This initial tour also included local film makers Paul Loman and Barbara Myers who were so inspired by the whole event that they decided to make a film celebrating the AOH. They kindly invited me to participate; I assisted in choosing some of the artists to feature and I did a couple of day’s filming with them at different houses, which was a joy. Their film art:house has since been shown at numerous film festivals and I am still in touch with Barbara and Paul.

Paul Loman and Barbara Myers and other visitors on the tour

The AOH tours ran for a number of years and I continued my involvement with the AOH serving on the committee in a more general capacity, being involved with all aspects of the event throughout the whole year. It takes 12 solid months of preparation to put on such a large and wide-ranging event, which many people don’t realise.


What made you decide to open your house this year?!
Well, it actually started last summer when we were having drinks in the garden with our new neighbours. It was the first time they had been to my house and giving them a quick tour around they commented on the amount of art I have on display – much of it bought directly from artists at the annual AOH event.

“ Why don’t you open your house?”

“ Because I know how much work is involved, that’s why!”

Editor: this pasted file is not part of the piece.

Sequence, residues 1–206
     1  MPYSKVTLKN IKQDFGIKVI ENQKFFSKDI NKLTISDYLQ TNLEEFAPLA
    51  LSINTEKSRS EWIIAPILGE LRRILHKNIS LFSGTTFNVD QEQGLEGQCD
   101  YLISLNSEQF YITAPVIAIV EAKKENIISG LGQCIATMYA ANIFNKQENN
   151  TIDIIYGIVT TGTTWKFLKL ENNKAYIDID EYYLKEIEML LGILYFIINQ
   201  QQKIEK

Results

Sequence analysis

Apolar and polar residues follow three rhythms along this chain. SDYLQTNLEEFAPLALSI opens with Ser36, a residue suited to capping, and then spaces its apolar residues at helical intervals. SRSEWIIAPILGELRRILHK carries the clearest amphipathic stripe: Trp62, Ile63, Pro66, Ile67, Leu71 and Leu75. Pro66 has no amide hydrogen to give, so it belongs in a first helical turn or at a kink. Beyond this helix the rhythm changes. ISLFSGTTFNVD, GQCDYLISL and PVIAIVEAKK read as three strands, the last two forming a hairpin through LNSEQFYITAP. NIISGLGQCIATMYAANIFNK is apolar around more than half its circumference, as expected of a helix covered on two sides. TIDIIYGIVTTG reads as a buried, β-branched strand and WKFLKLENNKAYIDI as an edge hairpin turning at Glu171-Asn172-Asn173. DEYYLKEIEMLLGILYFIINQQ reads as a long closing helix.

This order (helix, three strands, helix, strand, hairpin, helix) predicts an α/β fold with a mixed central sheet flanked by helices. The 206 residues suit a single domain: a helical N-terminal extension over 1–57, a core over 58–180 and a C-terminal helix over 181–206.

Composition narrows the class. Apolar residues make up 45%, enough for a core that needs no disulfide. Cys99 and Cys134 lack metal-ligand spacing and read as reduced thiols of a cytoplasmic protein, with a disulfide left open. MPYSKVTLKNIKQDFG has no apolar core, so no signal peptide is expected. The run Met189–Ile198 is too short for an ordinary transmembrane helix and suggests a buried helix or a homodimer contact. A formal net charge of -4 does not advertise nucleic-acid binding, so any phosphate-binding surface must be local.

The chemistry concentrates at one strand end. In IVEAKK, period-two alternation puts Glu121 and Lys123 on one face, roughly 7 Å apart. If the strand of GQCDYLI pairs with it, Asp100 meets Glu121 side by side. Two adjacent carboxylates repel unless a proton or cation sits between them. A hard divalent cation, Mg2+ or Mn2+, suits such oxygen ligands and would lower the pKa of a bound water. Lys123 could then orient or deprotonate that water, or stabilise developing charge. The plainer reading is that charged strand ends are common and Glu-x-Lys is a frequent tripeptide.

But the seeds were sown and after discussion with my partner (artist Laurence Wallace) we decided to dive in. We made a wish list of the artists we would like to invite and, amazingly, they all said yes. Being the AOH 40th anniversary event makes it even more special and a great time to participate. This incredible Open House idea (which originated in Brighton) deserves to be celebrated. 

Samantha Stas – Born to be Wild pennant

Can you tell us about your own work and also who will be exhibiting with you?
My own background is in illustration and design so my commercial work has been completely digital in recent years. During the last year I have been reassessing and began making actual pieces of artwork in cardboard – a material I have returned to over the years. And so Cardboard Kingdom was created! I make colourful characters in recycled hand-painted cardboard and using vintage wallpapers. I’ve been a bit obsessed with big hair! And cats and dogs too (moggies and doggies!).